flowReassembly reassembly control flow is also an important obfuscation method. For example, a program calls a method, and after obfuscation, the method code can be embedded in the calling program. Conversely, a piece of code in a program can be turned into a function call. In addition, for a control flow of one loop, it is a control flow that can split multiple loops, or convert the loop into a recursive process. This method is the most complex and has a large number of researchers.

Preventive obfuscation

is usually designed for specialized decompilers, and in general, these techniques take advantage of decompiler weaknesses or bugs to design obfuscation schemes. For example, some decompilers do not decompile instructions after Return, while some obfuscation schemes place code after the Return statement. The effectiveness of this confusion also does not work the same for different decompilers. A good obfuscation tool will often use a combination of these obfuscation techniques.

Case Study

In practice, protecting a large Java program often requires a combination of these methods rather than a single method. This is because each method has its weaknesses and application environment. The combination of these methods makes the protection of Java programs more effective. In addition, we often need to use other related security technologies, such as security authentication, digital signatures, PKI, etc.

The example given in this article is a Java application, which is a SCJP (Sun Certificate Java Programmer) mock exam software. The app comes with a large number of mock questions, all of which are encrypted and stored in files. Since the question bank it comes with is a core part of the software, access and access to the question bank has become a very core class. Once these related classes are decompiled, all the libraries will be cracked. Now, let’s consider how to protect these pools and related classes.

In this example, we consider the use of comprehensive protection techniques, which include native code and obfuscation techniques. Because the software is mainly released on Windows, only one version of the native code needs to be maintained after conversion to native code. In addition, obfuscation is very effective for Java programs, suitable for such independently distributed applications.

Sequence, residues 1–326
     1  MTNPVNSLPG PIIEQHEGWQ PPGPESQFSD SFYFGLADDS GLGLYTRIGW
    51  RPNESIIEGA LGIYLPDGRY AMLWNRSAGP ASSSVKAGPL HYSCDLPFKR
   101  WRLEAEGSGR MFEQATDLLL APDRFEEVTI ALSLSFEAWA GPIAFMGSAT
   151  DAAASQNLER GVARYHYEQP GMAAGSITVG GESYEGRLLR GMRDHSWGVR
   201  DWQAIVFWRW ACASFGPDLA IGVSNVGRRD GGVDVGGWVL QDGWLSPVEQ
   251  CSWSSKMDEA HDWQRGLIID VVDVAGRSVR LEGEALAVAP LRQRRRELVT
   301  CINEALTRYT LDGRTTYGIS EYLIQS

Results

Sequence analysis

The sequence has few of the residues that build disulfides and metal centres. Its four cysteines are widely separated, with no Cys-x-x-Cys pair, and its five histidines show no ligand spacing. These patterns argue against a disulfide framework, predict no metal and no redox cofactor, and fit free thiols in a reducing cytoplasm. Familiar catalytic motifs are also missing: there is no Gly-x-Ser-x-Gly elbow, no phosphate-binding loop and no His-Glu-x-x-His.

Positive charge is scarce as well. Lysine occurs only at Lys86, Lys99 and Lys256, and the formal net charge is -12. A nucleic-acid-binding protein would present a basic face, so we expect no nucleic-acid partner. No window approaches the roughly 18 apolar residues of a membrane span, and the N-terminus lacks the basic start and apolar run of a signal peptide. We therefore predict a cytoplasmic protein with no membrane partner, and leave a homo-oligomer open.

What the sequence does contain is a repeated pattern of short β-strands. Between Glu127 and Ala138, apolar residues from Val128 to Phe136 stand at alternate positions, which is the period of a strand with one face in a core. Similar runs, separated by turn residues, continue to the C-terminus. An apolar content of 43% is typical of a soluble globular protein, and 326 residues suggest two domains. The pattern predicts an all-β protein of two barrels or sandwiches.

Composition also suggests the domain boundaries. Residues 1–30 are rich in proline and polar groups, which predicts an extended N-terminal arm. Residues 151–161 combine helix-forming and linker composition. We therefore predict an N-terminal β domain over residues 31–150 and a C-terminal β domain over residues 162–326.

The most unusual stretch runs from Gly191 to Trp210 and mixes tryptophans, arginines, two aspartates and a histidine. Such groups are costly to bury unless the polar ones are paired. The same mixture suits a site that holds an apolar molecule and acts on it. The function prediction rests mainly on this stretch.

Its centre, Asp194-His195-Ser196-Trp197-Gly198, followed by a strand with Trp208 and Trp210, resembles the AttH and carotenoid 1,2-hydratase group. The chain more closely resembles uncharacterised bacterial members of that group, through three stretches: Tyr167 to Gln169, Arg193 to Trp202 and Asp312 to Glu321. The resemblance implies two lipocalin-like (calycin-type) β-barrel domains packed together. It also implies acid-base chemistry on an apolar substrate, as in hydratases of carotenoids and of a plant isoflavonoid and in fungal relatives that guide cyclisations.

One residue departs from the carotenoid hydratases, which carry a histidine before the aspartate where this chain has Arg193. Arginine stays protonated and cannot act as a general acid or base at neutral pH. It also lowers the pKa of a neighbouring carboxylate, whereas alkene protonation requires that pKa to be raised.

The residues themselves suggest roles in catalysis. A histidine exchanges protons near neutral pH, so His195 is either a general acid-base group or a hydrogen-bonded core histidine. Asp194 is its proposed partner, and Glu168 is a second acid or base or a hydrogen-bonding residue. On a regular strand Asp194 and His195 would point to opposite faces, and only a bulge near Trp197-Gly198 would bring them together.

In the specific solution, we divide the program into two parts, one is a module accessed by a question bank written in native code, and the other module is developed by Java. This allows a higher degree of protection of the topic management module from being decompiled. For Java developed modules, we still want to use obfuscation techniques. A schematic diagram of this scheme is shown in Figure 7.

Figure 7 SCJP protection technology scheme diagram

For the topic management module, because the program is mainly used under Windows, the C++ development question bank access module is used, and a certain access interface is provided. In order to protect the interface of the library access, we have also added an initialization interface for initialization work before each use of the library access interface. Its interfaces are mainly divided into two categories:

initialization interfaces

Before using the question bank module, we must first call the initialization interface. When calling this interface, the client needs to provide a random number as a parameter. Through this random number, the question bank management module and the client generate the same SessionKey at the same time according to a certain algorithm to encrypt all the data input and output in the future. In this way, only authorized (valid) clients can connect to the correct connection and generate the correct SessionKey for accessing the problem database information. It is difficult for illegal customers to generate the correct SessionKey and therefore cannot obtain the information in the question bank. If a higher level of secrecy is required, mutual authentication techniques can also be employed.

After the data provider authentication is completed, the client can access the database

data normally.

However, both the input and output data are encrypted by the SessionKey. Therefore, only the correct pool management module can use the pool management module. Figure 8 Timing diagram shows the interaction process between the question bank management module and other parts.